On a cloudless summer day at Bluff Park, more than 100 Long Beach residents moved in unison, strewn across a lush patch of grass along Ocean Boulevard. It’s a familiar scene in Long Beach, with brightly colored yoga mats scattered across the bluff. It’s not until the participants in the popular Yogalution on the Bluff class began to disperse that reminders of the global pandemic return. After rolling up their mats, participants donned their facemasks again and headed home, back to isolation, and uncertainty.
“Just to be outside feels good,” said George Bravo, who has been attending yoga classes on the bluff almost daily since its reopening. “To get some sunlight and soothe some of the anxiety and stress of what’s been going on. From being at home and unemployed, it’s just nice to get out and be active and not be idle.”
Yogalution Movement’s popular Yoga at the Bluff classes were shut down earlier this year as the statewide stay-at-home order made the city’s parks off limits. While classes were still offered online by the studio, the community connection (along with the fresh air and sunshine) was lost when in-person classes were canceled.
But for a little more than a month, classes have been able to start back up, allowing residents the chance to get outside, enjoy some sun, and take in an hour of normalcy.
“It’s great to see students that I’ve had for years and to see that renewed appreciation for it,” said Erin Grissom, who has been teaching yoga on the bluff for over four years and was one of the instructors during the first weekend back. “There’s people who come weekly and almost daily. Obviously they appreciate it enough to keep coming, but there’s that thing where when you lose something, you realize how much you appreciate it. And seeing everyone’s gratitude for being back out here is beautiful.”
For students like Bravo, the opportunity to start his day with yoga has improved several aspects of his life. During such an uncertain and stressful period, the in-person yoga classes have become a key component of his routine.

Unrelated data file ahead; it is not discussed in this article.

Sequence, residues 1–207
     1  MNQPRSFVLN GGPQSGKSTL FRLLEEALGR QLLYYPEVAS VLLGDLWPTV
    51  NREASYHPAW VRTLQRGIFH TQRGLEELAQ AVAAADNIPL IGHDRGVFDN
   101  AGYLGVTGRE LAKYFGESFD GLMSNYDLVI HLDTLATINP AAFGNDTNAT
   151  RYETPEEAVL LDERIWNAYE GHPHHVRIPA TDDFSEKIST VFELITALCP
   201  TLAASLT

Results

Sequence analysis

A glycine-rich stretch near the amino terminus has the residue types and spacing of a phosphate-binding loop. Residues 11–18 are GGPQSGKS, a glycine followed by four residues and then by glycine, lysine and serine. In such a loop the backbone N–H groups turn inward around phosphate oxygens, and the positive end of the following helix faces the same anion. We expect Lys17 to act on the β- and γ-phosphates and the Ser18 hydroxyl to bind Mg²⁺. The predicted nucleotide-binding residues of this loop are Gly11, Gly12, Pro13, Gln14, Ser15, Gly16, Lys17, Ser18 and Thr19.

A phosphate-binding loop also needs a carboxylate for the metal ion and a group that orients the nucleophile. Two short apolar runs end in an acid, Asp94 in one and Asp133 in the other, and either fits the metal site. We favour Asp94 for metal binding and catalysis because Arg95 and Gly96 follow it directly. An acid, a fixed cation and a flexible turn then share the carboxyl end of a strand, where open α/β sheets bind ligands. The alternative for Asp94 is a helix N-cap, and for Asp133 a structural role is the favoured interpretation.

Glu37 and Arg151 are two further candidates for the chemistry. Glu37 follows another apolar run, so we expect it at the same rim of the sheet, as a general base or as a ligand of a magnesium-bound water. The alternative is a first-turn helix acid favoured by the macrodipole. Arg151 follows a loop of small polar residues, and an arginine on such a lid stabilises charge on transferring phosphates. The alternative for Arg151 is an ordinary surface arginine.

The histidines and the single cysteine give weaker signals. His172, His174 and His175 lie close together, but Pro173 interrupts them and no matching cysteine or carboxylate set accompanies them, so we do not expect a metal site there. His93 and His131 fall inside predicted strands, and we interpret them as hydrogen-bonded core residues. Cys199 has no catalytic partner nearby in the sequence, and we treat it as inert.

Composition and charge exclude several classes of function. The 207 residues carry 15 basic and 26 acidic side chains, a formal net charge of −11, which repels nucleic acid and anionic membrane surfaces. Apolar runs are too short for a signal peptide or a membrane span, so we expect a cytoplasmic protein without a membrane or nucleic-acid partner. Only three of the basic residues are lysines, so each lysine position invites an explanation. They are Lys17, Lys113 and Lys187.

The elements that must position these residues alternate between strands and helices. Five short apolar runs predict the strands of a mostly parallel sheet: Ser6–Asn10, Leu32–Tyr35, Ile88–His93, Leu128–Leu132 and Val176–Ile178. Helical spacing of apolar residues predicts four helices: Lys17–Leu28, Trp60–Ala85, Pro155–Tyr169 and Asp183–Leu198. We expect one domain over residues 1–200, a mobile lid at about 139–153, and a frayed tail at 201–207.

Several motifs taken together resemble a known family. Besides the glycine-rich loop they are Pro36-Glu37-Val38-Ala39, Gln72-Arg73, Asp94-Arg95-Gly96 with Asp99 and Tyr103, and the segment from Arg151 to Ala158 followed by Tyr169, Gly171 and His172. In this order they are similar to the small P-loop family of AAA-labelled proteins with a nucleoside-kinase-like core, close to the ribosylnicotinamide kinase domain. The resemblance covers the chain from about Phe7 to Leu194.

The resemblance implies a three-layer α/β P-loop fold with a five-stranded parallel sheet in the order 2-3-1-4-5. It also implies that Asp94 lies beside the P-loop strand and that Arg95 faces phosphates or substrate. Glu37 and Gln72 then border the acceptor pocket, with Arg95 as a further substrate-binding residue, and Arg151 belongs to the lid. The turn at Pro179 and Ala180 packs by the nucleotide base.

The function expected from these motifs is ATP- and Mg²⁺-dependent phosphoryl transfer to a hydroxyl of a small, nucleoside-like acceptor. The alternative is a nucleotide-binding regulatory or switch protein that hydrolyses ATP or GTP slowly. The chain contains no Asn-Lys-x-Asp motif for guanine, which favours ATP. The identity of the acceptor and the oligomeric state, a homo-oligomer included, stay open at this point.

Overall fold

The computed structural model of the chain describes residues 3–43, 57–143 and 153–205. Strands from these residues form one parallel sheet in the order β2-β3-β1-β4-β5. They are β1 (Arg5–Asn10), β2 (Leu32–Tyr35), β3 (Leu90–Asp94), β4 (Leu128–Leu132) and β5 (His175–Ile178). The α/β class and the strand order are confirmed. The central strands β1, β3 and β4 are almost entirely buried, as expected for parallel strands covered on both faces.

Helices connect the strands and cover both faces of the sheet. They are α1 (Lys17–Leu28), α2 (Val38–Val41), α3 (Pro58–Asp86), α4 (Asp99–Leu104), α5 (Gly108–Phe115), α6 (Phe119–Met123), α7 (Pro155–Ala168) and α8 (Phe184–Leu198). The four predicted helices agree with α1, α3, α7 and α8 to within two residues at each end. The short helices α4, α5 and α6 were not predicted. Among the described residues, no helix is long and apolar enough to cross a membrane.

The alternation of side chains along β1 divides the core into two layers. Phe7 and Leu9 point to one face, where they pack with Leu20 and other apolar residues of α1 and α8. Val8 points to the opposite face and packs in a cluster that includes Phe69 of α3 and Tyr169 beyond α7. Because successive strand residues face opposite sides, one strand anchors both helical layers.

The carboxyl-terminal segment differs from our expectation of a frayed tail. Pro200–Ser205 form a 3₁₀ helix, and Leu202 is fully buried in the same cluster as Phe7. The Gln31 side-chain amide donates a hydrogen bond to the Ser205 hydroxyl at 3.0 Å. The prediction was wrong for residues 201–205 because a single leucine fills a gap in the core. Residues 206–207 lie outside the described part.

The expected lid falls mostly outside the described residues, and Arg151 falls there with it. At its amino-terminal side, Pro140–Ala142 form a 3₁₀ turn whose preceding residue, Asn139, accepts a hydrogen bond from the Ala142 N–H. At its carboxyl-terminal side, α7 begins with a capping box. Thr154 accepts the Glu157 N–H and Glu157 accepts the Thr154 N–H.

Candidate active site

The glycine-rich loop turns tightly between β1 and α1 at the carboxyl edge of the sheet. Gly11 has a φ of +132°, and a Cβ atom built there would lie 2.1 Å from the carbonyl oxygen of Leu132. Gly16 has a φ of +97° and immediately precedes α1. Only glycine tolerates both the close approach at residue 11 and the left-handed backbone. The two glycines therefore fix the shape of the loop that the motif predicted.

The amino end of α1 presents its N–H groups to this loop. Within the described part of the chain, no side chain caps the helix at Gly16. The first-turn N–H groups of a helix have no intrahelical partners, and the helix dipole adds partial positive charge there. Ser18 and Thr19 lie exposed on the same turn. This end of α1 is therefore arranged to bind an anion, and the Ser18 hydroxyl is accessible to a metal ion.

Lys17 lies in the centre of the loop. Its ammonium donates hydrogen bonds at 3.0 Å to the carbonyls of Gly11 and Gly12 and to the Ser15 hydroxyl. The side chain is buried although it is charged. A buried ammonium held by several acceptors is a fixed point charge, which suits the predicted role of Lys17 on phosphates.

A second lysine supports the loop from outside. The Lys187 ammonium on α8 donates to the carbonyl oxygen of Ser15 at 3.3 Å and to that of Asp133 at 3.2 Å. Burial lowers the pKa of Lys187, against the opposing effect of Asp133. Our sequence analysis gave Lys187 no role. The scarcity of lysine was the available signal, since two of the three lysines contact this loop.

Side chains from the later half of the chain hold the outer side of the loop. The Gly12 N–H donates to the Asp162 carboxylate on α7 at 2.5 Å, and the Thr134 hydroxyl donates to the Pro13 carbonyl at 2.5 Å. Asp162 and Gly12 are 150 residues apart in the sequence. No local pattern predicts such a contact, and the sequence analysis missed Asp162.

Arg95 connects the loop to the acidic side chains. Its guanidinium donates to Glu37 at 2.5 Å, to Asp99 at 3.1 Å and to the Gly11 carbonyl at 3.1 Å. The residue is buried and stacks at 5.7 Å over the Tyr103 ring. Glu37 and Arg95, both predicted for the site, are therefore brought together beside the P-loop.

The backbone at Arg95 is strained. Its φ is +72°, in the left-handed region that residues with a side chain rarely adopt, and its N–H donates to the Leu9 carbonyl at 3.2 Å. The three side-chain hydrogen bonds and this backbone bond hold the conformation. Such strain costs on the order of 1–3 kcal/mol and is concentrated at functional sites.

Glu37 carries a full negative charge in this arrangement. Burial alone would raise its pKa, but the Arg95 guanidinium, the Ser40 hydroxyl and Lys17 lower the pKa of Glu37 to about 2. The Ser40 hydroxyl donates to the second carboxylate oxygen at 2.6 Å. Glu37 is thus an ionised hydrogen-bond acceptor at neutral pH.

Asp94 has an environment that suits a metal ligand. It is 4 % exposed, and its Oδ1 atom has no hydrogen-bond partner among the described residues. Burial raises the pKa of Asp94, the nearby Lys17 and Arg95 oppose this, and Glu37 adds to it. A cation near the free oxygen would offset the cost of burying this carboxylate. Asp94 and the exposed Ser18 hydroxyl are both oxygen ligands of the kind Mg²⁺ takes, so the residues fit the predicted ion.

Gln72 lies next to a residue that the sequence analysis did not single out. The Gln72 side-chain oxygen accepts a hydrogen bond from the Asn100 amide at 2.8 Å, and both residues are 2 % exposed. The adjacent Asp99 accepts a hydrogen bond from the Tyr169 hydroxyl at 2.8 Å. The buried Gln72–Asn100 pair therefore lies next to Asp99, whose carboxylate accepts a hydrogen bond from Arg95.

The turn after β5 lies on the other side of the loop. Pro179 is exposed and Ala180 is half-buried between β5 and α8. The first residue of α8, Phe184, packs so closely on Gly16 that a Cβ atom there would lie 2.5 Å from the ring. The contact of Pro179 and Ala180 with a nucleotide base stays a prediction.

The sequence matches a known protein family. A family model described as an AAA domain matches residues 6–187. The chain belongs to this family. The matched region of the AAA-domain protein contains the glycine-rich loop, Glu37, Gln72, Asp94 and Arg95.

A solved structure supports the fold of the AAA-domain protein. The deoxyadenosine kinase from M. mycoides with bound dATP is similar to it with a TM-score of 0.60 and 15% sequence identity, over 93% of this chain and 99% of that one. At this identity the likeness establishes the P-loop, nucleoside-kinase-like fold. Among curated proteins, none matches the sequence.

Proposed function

“I enjoy it, it’s a good relief. I get to breathe, I get to relax. This is how I start my day. Without yoga, I wouldn’t get into my daily routine,” Bravo explained. “I feel great, my body feels good, I’m more flexible. And my mood is better. I’m more calm, relaxed, and it helps me think before I act. I’m in a good mood.”
Bravo said that from his perspective, the participants have all been maintaining social distance and have been respectful of one another. That sentiment is echoed by Grissom, who notes that the classes were already spread out, even before COVID-19.
“It’s funny, we ask people to be six feet apart, and obviously everybody kind of knows that by now, but that’s what people were doing out here anyway,” Grissom explained. “If you’re in a studio, three inches between mats feels appropriate because you want to fill the space and make room for everybody. But when you have sort of endless space, everybody defaults to that (six feet) being a personal bubble anyway.”
Even though the park offers a solid amount of space, not everyone has felt comfortable returning to the class. Grissom said the current class sizes are comparable to what she saw pre-COVID, but the numbers are lower than what would be expected during the summertime. For those who do feel comfortable enough to be around their classmates at the park, it’s been a rewarding experience that goes far beyond watching through a screen at home.
“Being able to come out and gather again has been complicated for a lot of people who are trying to decide what levels of precaution feel the most respectful and considerate,” Grissom admitted. “It hasn’t been an easy choice for both the practitioners and our collective of teachers, but I truly prefer to teach out here. It’s so much more potent and sacred and so important I think for people’s mental, emotional and physical health. And those aspects can’t be forgotten when we talk about social distancing for health reasons.”